Brown, Orange, and Beige like Caramel

Brown, Orange, and Beige like Caramel

Art Sandbox

By Alexander Schuhr

“Maybe you want to play with him,” the woman says, leading her daughter toward a toddler sitting in the sand. The boy doesn’t need anybody to play with. He is completely absorbed with his task of shoveling sand into a bucket. Nevertheless, this woman seems terribly eager to see her girl join him in this endeavor. She proceeds to drag her away from my daughter.

For my daughter, the fact that everybody has a different color is as self-evident as mundane. Her stuffed dinosaur is green, her plush duck is yellow, and she has a pink teddy bear. Similarly, mommy is brown. (A more accurate description than “black.”) Daddy is orange. (Inaccurate, as far as I’m concerned, but so is “white.”) She describes herself as “beige like caramel,” sometimes clarifying “like Leela,” an Indian-American character in Sesame Street (Comparable complexion, though different ethnicity… but then again, why would she care about that?) In the protected world of our home, I have a comparably innocent approach to skin color. In the outside world, however, a different reality imposes itself.

In the two years of her life, my daughter underwent a complex transformation of racial identity, unbeknownst to her. For some time after her birth, her complexion remained very similar to mine, and her hair was straight. People considered her Caucasian. On more than one occasion, my wife was asked, with an insolent tone of disbelief, whether she was the mother. Then, there was an extended period of ambiguity. Eventually, her hair became curlier, her once-milky skin tone turned into the color of a café au lait: still with lots of milk, but just enough coffee to keep people guessing. Few would guess out loud, of course. People feel much too uncomfortable talking about race. I’ve seen them several times, the relieved expressions on faces, like when a bothersome puzzle is solved, when either my wife or I appeared next to the other parent, thus clarifying my daughter’s ethnicity.

Our daughter’s skin became only slightly darker. At some point, she must have crossed a threshold, though, and the “one-drop rule” went into effect. Now she was no longer “ambiguous” but “black.” Suddenly it would be an overwhelming majority of black people—occasionally other “people of color”—who would interact with her, call her cute, and tell me how beautiful she was.

Along with her apparent transformation to “blackness” came my worry that she may be subjected to the same vicious, sneaky force that I’ve seen too many times applied to my wife. Social scientists call them “new racism” or “racial microaggressions,” these subtle traces of racial bias in everyday situations. They are faint symptoms of a social disease, well known to virtually any minority group, yet often unacknowledged by the Caucasian majority. They are harder to spot than the hateful slogans of the white supremacist with the swastika tattoo, the degrading slurs of the hooded clansman, or even the thinly disguised attacks of the populist demagogue that are effortlessly decoded by his intended audience. No, new racism is subtler, less identifiable. It is conveyed by the flight attendant whose cheerful demeanor becomes cold and distant when serving an Asian passenger, by the group of giggling coeds that turns silent when the Hispanic classmate enters the lecture theater, or the motorist who, while waiting for the green light, feels compelled to lock the car when he spots the African-American pedestrian on the sidewalk. The ambiguity of these signals makes it difficult to identify their nature. Each isolated incident may be vague and open to alternative interpretations, but their aggregation makes all doubt vanish.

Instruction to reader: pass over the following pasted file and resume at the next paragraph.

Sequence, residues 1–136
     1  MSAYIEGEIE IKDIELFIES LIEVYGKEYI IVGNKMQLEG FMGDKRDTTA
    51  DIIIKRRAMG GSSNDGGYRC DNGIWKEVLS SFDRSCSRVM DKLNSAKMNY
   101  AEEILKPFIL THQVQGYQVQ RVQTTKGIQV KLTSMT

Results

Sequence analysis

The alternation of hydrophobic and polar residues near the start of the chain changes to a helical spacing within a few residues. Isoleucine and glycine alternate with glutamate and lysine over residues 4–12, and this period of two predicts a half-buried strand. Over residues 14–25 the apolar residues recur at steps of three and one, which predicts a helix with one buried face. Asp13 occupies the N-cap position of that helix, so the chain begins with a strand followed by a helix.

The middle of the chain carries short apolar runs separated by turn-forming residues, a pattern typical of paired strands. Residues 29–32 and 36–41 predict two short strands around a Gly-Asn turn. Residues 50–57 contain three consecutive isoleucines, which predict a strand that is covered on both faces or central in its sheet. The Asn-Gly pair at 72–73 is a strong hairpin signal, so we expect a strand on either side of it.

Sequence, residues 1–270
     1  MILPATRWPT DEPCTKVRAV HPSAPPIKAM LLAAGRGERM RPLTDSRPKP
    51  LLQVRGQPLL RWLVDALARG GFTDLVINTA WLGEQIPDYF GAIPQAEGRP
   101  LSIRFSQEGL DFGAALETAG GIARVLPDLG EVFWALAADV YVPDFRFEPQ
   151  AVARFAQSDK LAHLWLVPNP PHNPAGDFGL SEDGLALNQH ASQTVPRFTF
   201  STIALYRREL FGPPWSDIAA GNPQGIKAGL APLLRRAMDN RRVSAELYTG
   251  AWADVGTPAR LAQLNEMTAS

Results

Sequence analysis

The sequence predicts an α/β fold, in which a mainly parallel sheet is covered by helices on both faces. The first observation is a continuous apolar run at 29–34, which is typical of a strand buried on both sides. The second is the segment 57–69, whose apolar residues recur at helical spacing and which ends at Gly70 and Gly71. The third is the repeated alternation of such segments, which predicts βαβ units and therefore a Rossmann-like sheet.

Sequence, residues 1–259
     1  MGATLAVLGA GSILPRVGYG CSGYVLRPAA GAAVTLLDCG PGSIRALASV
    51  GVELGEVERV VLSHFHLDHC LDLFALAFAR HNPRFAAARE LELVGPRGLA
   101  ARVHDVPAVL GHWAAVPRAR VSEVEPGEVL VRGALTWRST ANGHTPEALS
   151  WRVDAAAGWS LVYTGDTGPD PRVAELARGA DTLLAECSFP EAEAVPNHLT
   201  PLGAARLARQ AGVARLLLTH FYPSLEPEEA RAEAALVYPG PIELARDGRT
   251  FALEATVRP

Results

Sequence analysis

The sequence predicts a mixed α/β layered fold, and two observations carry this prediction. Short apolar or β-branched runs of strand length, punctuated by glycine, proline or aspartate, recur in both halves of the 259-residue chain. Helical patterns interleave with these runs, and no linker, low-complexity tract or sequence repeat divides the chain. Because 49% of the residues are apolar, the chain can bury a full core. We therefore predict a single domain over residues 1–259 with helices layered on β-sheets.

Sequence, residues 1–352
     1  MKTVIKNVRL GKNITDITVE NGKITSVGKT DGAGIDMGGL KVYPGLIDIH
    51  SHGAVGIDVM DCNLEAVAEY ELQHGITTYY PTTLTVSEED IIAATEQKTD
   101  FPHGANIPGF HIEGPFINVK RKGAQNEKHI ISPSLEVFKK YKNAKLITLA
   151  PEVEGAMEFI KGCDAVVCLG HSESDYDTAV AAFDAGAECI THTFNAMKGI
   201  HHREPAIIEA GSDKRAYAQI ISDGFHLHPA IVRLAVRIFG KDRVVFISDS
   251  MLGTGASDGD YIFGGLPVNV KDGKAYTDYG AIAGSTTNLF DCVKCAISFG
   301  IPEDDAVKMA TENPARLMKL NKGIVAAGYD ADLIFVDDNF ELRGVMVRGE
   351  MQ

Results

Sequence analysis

And now there is that woman, who pushes her daughter away from mine, toward the deeply absorbed toddler with the shovel. She gives me a nervous smile, which reveals uneasiness as well as defiance. I don’t smile back. While I feel offended by her action, I cannot be certain of its meaning. Part of the viciousness of subtle racism lies in its obscurity to the recipient, and sometimes even the perpetrator. Consequently, I find myself wondering whether I am too suspicious. Maybe it’s innocent. Maybe she knows the little boy and fears he is lonely or bored. Maybe she fears older kids (my daughter is not older than hers, but is unusually tall for her age). Maybe she fears me, the only dad on the playground. I try to find other explanations, but cannot ignore the one reason that seems to be an obvious possibility, and I dread the day this reason may appear equally possible to my little girl.

Yet, it is a bitter truth that she will become aware of racism in its subtle and not-so-subtle forms. And it is my duty to prepare her, so that she can identify the deficiency in the senders of such messages and never attribute it to herself. It is a duty I face with the utmost determination, but also with profound sadness. I cherish our protected world, where people are simply brown, orange, or beige like caramel.

Alexander Schuhr is an independent scholar and freelance writer. He has spent much of his adult life between the U.S., Europe, and sub-Saharan Africa. He and his wife have a two-year old daughter.